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Presuming that Remdesivir is effective, this looks promising - up to the point where it vanishes from the web:

https://www.ncbi.nlm.nih.gov/pubmed/20302371
https://www.ncbi.nlm.nih.gov/pubmed/22796203
https://www.sciencedirect.com/scienc...14299917306787
https://www.pnas.org/content/69/12/3820.short

Ask yourself whether there's someone who could use it more than you, before you go buying.
If a drug like Remdesivir is found to be effective, I'm assuming/guessing that nations all over the world (India, Brazil, China, etc) with pharmaceutical infrastructure will overrule the patent and make large amounts of it cheaply since we're in an emergency situation.
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Old 03-27-2020, 02:34 PM
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And for the love of god people, get covid treatments from doctor prescription, not PetSmart!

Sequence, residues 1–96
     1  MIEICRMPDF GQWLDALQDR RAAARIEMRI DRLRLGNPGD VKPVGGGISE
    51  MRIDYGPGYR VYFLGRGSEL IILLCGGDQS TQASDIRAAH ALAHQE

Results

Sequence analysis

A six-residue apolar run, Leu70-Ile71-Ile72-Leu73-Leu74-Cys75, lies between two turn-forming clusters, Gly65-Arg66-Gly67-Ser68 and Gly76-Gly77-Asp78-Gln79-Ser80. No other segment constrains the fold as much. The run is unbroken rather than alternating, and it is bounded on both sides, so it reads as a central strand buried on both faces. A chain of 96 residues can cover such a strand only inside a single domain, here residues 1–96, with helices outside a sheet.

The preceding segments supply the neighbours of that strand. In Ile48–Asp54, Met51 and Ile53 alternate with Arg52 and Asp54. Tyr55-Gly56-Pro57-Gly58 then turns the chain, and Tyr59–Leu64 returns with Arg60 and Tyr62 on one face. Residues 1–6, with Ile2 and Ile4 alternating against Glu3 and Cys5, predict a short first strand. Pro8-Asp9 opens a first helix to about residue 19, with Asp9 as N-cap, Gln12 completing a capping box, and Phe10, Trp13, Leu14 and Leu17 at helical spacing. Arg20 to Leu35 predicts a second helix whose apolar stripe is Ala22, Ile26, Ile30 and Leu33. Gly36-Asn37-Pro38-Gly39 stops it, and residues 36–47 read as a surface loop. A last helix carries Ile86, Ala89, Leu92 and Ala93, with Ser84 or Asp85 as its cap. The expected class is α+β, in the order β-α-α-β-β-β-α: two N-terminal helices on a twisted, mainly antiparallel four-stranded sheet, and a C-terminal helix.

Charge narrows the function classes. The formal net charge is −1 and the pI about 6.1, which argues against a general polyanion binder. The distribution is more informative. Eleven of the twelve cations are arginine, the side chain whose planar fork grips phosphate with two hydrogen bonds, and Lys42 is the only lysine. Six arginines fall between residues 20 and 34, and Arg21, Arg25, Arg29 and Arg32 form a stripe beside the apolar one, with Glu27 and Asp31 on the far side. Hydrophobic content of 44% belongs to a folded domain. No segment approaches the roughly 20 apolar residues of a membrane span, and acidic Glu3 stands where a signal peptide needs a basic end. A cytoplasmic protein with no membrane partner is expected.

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Old 03-27-2020, 02:50 PM
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I wanna believe what I wanna believe! Yes, I wanna!

There's a lot of talky-talk in the news about ACE-2 Inhibitors maybe having some beneficial anti-coronavirus effect, and apparently this is under investigation too. (Google it yourself -- you'll find plenty.)

It's a common blood-pressure med. Common examples are losartan (Cozaar) and valsartan (Diovan). Being a long-time user already, I really wanna believe, yes I do!

I like M&M's too. I haven't actually seen any studies or urban legends on the beneficial anti-coronavirus effects of M&M's, so I guess I'll just have to fabricate my own urban legend right here on the spot: I heard (or maybe just dreamed) that M&M's have been shown to reduce viral loads in coronavirus patients! So hit the grocery stores and stock up while you still can! (Buy some Mars stock too if you still can.)

You read it here first!
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Old 03-27-2020, 03:33 PM
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Originally Posted by GreenWyvern View Post
Turmeric (with active ingredient curcumin) has antiviral, antibacterial, and anti-inflammatory properties, and boosts the immune system.


"Spicing up" of the immune system by curcumin.




A Review on Antibacterial, Antiviral, and Antifungal Activity of Curcumin